USM Open Source History Text: The World at War: World History 1914-1945

A Nation of Contradictions: A Summary of the United States in the 1920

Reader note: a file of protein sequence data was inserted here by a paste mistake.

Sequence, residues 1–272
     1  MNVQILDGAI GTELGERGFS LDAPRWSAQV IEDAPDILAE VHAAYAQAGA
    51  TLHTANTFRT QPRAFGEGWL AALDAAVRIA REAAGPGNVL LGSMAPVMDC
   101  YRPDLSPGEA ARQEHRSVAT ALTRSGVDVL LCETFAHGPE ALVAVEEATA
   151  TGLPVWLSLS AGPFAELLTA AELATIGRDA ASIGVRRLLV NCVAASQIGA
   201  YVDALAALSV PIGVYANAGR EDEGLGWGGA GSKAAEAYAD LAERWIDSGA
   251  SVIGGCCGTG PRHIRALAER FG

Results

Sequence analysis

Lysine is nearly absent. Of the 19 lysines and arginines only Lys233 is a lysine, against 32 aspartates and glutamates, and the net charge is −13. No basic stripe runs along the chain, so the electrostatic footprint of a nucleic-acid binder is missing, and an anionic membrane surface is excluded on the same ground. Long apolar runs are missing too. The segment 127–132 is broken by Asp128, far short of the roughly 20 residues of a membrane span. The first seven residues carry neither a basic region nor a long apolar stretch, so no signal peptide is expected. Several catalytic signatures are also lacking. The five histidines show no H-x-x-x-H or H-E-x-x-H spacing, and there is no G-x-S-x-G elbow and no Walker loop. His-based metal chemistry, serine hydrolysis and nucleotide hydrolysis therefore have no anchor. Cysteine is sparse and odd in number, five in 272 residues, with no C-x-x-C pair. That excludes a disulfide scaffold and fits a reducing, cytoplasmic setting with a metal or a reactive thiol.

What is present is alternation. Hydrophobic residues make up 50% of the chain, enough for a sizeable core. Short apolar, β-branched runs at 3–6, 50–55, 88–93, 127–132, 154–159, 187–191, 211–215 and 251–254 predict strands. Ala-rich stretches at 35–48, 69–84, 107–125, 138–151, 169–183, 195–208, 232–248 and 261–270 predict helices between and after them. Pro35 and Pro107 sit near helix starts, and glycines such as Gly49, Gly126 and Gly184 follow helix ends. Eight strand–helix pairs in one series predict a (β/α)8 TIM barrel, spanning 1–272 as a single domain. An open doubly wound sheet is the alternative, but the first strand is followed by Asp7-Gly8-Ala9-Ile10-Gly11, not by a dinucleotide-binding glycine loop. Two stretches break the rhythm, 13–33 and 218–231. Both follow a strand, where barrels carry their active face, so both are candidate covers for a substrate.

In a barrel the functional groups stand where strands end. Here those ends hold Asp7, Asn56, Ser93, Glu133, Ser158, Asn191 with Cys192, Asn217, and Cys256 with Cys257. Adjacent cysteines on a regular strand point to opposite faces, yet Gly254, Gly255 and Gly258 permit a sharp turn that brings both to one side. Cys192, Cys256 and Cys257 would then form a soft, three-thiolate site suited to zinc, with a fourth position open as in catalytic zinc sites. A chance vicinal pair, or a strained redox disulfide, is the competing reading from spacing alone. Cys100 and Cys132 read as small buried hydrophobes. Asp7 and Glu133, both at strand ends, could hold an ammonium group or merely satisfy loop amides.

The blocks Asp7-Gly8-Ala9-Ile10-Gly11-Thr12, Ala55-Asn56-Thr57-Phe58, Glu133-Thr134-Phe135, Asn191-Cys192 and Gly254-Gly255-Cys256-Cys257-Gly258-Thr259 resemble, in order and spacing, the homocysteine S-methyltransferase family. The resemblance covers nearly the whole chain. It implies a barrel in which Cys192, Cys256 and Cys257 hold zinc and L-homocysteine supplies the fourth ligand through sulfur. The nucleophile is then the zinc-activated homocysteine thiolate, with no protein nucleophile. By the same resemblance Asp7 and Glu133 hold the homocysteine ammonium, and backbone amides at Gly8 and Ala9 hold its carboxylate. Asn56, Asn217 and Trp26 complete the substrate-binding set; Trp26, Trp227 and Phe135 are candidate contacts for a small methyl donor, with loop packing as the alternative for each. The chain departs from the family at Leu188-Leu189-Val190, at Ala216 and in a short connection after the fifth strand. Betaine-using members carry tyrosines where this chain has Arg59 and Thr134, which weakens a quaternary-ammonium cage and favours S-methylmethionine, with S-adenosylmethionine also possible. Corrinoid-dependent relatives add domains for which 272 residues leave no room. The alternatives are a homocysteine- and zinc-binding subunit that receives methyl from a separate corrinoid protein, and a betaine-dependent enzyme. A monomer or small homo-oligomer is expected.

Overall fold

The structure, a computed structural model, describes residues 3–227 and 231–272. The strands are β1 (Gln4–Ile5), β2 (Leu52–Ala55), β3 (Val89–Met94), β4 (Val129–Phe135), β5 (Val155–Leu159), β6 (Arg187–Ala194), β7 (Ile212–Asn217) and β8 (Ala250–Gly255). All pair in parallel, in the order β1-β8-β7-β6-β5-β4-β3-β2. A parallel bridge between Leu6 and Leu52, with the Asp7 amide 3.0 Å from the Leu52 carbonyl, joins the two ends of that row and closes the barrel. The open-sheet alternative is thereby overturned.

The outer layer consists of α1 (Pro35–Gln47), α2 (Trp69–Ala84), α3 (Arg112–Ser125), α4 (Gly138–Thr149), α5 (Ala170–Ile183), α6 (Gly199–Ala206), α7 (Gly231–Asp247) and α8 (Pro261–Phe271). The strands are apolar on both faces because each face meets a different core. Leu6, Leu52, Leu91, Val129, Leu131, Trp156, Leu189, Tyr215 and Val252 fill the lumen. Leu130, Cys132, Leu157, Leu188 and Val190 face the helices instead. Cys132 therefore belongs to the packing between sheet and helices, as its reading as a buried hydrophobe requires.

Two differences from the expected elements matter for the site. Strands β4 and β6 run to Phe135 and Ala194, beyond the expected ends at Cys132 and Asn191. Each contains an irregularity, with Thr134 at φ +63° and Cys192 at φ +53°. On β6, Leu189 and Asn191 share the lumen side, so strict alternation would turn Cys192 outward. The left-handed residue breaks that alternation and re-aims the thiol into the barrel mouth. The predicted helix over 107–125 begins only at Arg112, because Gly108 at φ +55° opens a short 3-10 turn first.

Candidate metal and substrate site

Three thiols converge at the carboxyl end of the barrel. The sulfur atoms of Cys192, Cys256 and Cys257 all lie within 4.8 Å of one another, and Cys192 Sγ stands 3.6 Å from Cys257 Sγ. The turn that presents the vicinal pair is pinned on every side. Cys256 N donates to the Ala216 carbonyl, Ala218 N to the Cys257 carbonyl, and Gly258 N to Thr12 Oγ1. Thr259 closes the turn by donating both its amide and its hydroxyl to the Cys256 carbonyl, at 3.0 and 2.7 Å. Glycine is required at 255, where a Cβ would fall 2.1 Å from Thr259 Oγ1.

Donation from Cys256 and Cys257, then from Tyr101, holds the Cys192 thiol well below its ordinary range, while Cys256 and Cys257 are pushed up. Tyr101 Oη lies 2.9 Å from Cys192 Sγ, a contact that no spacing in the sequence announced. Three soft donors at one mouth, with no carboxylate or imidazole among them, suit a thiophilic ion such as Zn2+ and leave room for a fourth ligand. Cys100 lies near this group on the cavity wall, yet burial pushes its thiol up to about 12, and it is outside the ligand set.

The 1920s were a decade of incredible economic growth that concealed fundamental economic weakness. They were a period of great progressive movements (women’s rights, Harlem Renaissance) coupled with social conservatism (prohibition, anti-communism, religious fundamentalism, Nativism and anti-immigration policy). It was a decade of economic globalization and political isolation. It was a decade of the individualist “myth” and that of the creation of a conformist consumer society, symbolized perfectly by mass production of Ford’s Model T. Cars were individualist icons, but led to lives of increasing standardization and conformity, not least in the pressures that mounting debt placed on the individual (almost all cars were debt-financed). In sum, the 1920s were a decade of stark contradictions. The end of the 1920s, the 1929 crash of the New York Stock Exchange, brought these tensions in American life into stark relief.

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